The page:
Invasive species are a major concern to ecosystems today. They are a key driver of biodiversity loss and species extinctions, competing against and predating on native organisms. However, scientific data on invasive species can play a huge role in helping to protect threatened biodiversity and species.
After habitat loss, invasive species are the second greatest threat to biodiversity. They are known to cost the global economy an estimated US$1.4 trillion every year.
The 2023 Assessment Report on Invasive Alien Species and their Control by the Intergovernmental Science-Policy Platform on Biodiversity and Ecosystem Services (IPBES) reported:
- 60% of global extinctions have been caused, on their own or alongside other drivers, by invasive alien species
- 16% of global extinctions have been caused solely by invasive alien species
- 85% of documented impacts of invasive species on nature are negative
Climate change is another threat which is increasing biological invasions. Unusual weather patterns such as rising temperatures, erratic rainfall and frosts can affect the distribution and number of invasive species. As a result of climate change, invasive species are now present in new countries due to environmental changes.
Without any mitigation, the impact of invasive species and climate change will persist and augment. Consequently, the extinction of species and the damaging effect on ecosystems is irreversible.
Therefore, conserving ecosystems through invasive species management strategies can help to counteract the impacts and avoid the worst – extinction.
Can scientific data on invasive species help?
Having comprehensive, up-to-date scientific data on invasive species is essential in enabling monitoring and control strategies.
Information can include data on an invasive species distribution range, biological and ecological attributes, risks and impacts and specific control measures. This information can therefore be used to prevent invasive species from being introduced, spreading and damaging species in newly invaded habitats.
By making scientific data on invasive species available to policymakers, research scientists, authorities, government officials and other organizations, it can be integrated into their policies and programmes. This will help to facilitate active management and control of invasives.
Creating and publishing comprehensive data
With funding from the United States Department of Agriculture’s Plant Health Inspection Service (USDA-APHIS), CABI is working with Effective Environmental Restoration (EER), a non-governmental organization in Puerto Rico, on a project which is commissioning, processing and publishing 72 datasheets of invasive species that are affecting endangered or threatened species in the USA or other countries in the world.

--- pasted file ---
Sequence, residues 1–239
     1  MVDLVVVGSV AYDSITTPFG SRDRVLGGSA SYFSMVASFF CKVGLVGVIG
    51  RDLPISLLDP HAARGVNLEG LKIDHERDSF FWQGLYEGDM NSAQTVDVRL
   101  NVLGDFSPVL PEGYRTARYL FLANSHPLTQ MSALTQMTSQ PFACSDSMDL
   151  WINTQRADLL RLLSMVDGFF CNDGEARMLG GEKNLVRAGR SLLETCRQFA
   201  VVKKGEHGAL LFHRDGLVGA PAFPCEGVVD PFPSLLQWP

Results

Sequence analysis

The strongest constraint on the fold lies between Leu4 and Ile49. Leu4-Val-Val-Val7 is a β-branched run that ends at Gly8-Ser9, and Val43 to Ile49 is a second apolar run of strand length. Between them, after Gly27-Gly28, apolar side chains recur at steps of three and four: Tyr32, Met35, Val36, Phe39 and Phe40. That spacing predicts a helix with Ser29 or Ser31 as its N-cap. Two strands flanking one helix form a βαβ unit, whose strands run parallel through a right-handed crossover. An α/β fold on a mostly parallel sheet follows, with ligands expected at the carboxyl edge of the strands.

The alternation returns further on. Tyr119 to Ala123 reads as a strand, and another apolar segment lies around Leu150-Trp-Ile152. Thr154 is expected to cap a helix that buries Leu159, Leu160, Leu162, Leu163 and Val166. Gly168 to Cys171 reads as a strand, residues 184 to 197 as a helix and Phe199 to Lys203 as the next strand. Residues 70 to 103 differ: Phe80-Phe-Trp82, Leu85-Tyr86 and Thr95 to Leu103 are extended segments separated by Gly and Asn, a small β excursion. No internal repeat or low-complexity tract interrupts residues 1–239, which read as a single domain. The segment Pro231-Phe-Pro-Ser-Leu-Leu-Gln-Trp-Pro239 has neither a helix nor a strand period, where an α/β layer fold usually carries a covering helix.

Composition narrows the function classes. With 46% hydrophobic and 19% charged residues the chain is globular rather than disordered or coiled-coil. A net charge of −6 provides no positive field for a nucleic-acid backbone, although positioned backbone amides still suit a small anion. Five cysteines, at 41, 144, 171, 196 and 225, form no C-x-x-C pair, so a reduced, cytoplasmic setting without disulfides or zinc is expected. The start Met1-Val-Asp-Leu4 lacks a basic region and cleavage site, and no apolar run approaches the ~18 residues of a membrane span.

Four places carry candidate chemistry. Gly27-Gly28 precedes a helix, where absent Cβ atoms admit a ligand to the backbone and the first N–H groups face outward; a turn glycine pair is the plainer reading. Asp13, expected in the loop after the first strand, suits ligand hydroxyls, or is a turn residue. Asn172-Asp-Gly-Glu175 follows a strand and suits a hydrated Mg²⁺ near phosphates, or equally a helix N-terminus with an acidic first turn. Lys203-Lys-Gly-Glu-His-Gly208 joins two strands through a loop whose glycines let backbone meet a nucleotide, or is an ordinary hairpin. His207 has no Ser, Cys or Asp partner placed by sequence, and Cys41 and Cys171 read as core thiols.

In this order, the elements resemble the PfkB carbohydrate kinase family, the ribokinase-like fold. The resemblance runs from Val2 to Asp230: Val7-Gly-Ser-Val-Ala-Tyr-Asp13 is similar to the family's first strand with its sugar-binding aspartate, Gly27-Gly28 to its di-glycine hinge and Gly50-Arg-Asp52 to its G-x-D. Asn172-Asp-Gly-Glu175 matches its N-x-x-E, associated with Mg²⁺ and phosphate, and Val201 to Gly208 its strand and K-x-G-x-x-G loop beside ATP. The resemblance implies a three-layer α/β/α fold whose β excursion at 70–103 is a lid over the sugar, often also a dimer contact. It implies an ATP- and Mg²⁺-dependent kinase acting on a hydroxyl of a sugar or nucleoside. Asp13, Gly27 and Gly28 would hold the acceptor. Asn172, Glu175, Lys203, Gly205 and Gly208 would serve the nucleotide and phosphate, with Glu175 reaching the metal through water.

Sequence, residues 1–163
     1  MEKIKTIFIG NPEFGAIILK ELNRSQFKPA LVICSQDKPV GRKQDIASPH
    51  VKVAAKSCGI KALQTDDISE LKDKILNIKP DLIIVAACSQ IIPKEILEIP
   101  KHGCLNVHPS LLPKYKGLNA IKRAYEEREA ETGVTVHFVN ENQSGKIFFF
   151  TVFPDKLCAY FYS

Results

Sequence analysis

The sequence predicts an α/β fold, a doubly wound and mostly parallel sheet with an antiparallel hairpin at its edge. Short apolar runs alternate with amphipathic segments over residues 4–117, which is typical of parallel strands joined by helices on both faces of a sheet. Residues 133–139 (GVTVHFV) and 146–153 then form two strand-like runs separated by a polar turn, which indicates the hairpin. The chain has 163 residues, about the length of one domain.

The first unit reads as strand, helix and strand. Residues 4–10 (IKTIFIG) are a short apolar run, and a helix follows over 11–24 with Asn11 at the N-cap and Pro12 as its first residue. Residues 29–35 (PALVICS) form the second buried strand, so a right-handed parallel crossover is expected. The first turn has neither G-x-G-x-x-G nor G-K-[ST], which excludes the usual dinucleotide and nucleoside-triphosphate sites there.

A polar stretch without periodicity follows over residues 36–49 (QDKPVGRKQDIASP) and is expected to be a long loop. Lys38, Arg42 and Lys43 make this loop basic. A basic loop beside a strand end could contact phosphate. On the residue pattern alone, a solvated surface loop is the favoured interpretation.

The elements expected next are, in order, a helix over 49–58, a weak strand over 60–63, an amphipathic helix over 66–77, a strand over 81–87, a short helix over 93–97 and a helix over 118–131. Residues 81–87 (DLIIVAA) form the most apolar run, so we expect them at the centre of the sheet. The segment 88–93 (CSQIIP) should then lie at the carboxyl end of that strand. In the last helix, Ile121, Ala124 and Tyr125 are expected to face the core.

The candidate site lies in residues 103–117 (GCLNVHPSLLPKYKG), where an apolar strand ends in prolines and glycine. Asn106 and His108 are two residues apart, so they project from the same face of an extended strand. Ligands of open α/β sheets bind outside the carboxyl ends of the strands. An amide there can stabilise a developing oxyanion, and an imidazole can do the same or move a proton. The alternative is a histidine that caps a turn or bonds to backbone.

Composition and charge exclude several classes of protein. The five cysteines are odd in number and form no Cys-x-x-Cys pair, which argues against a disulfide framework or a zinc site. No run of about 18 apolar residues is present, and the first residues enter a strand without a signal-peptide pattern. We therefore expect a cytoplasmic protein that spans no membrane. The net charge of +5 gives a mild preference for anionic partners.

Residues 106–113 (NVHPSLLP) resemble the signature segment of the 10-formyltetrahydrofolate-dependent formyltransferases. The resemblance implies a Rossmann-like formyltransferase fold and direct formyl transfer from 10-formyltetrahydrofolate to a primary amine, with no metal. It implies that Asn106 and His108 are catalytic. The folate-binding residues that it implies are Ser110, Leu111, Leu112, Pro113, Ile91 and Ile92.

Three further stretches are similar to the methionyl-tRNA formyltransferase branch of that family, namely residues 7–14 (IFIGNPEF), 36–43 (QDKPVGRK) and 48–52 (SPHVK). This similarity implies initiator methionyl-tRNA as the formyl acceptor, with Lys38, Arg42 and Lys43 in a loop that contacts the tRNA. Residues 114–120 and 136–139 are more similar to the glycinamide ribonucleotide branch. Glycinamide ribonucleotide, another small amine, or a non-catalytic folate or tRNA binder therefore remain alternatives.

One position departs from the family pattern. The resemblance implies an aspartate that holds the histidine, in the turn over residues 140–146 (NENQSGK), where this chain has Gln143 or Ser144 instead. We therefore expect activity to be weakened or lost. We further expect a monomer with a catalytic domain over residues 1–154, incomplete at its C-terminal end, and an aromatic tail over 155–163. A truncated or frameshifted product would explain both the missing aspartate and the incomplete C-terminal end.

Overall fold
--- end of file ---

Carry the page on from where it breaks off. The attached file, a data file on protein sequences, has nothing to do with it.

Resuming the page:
As part of a previous project (concluding in 2018), also funded by USDA-APHIS, CABI published over 300 datasheets covering invasives impacting species on the Endangered Species Act (ESA) or the International Union for the Conservation of Nature (IUCN) Red Book list in the USA and other countries. Datasheets were published and made freely available online through the CABI Invasive Species Compendium.
In 2021, the US Fish and Wildlife Service updated its list of endangered and threatened species in the ESA. The IUCN also revised the threatened species in its Red Book.
This new project focuses on invasives mentioned as affecting species in the USA and worldwide that have been recently added to the ESA and the IUCN lists. Furthermore, there are no current CABI Compendium datasheets, or the existing datasheets are outdated.
CABI’s Project Manager Gareth Richards, who is also the Compendium Programme Manager said “Each datasheet contains authoritative information on the invasive species identification, distribution, biology and ecology, management and control. References and links to further sources of information are included. These datasheets will be made available for free through CABI’s Invasive Species Compendium. A resource which is accessed annually by over three million users.”
The 72 prioritized invasive species include animals, plants, fungi and diseases. For example, the Red Swamp Crayfish, the Red lionfish, Scolopendra morsitans, Batrachochytrium dendrobatidis, and the Rainbow trout.
The Red Swamp Crayfish is highly invasive and is native to North America. Known for its ability to colonize freshwater, it is the world’s second most cultured crustacean species. It causes significant destruction of aquatic plants and preys heavily on insects and molluscs, therefore reducing any resources available for native species and a change in the ecosystem.
Batrachochytrium dendrobatidis(Bd) is a zoosporic fungus. It causes a serious infectious disease in amphibians, such as the American Bullfrog, resulting in mass mortality and population declines. Bd is one of the world’s 100 worst invasive species known to tolerate wide-ranging temperatures and precipitation regimes.
By having current and comprehensive scientific data on invasive species including the most harmful and impactful, we can predict and prevent damage to our ecosystems.
Hilda Diaz-Soltero, Caribbean Advisor to the APHIS Administrator and APHIS Climate Change Coordinator said “Extinction is forever. Once we lose a species, it is gone. Carrying out this project and successive work on controlling invasive species will ensure actions to help protect and recover endangered species.”
The CABI project is due to publish the commissioned datasheets by the middle of 2024.
Find out more about scientific data on invasive species
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